Using metrics employed by researchers Robert Sommer, and Adams and Biddle, a study of audiences was conducted to estimate how much participation was given by attendees based on where they were sitting in a seminar room and how much they could recall of what the presenter was saying. Results were remarkably similar to the original Robert Sommer study, even though participants were adults and Sommer's subjects were students. High-status individuals sit in the front row in most places - most notably in Japan - and they participate the least. Consequently, audience data was collected only where attendees were generally of equal status. The result was what we call the Funnel Effect.
To simplify metaphorically, imagine overlaying the graphic above on the layout of your basic classroom, with the front of the room on the right hand side of the graphic. There is a 'learning zone' shaped like a funnel, which extends directly down the center of an audience and across the front row. Those sitting in the 'funnel' participate the most, interacting the most with presenters, and have the highest recall about what is being discussed. Those who participate the least sit in the back or to the sides, tend to be more negative or confrontational and have the lowest recall. The rear positions also allow a person a greater opportunity to daydream, surf the Internet, sleep or escape.
We know that people who are most enthusiastic to learn choose to sit closest to the front and those who are least enthusiastic sit in the back or to the sides. A further experiment was conducted to determine whether the Funnel Effect was a result of where people chose to sit, based on their interest in the topic, or whether the seat a person sat in affected their participation and retention. Name cards had been placed on people's seats so they could not take their usual positions. Enthusiastic people were intentionally seated to the sides and back of the room and well-known back-row inhabitants were seated in the front. This strategy not only increased the participation and recall of the normally negative people who were forced to sit up front, it decreased the participation and recall of the usually positive people who had been relegated to the back. This highlights a clear teaching strategy - if you want someone really to get the message, put them in the front row. Some presenters and trainers have abandoned the 'classroom style' meeting concept for training smaller groups and replaced it with the 'horseshoe' or 'open-square' arrangement because evidence suggests that this produces more participation and better recall as a result of the increased eye contact between all attendees and the speaker.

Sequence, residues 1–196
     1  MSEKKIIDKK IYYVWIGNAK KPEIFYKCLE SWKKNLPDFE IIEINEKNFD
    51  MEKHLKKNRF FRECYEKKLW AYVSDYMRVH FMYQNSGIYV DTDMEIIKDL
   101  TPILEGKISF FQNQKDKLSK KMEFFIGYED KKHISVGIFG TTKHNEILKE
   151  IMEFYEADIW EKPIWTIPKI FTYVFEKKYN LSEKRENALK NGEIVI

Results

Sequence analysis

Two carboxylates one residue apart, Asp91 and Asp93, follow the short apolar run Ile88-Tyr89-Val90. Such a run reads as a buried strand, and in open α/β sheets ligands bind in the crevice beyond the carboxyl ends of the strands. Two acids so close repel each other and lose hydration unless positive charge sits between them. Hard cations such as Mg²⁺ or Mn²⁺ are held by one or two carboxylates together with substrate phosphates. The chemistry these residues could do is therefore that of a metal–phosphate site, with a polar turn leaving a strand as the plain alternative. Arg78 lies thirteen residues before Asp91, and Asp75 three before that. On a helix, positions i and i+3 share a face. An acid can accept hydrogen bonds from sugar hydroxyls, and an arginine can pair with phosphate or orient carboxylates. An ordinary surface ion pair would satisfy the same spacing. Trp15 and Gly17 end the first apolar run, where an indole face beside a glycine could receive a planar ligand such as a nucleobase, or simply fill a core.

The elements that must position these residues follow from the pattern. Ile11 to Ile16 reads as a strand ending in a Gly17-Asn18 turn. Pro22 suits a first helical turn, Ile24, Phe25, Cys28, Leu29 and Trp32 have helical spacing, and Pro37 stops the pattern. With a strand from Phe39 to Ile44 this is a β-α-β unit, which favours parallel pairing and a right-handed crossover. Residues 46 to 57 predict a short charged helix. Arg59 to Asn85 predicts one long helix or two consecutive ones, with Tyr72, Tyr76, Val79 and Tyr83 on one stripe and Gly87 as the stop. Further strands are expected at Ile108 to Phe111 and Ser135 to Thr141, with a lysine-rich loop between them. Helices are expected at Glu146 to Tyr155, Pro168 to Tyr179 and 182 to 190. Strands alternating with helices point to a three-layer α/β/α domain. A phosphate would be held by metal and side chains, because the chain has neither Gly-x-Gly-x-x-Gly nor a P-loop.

Bearing in mind what has already been said about human territories and the use of square, rectangular and round tables, let's consider the dynamics of going to a restaurant for a meal, but where your objective is to get a favorable response to a proposition.
If you are going to do business over dinner, it's a wise strategy to complete most of the conversation before the food arrives. Once everyone starts eating the conversation can come to a standstill and alcohol dulls the brain. After you've eaten, the stomach takes blood away from the brain to help digestion, making it harder for people to think clearly. While some men hope to achieve these types of effects with a woman on a date, it can be disastrous in business. Present your proposals while everyone is mentally alert.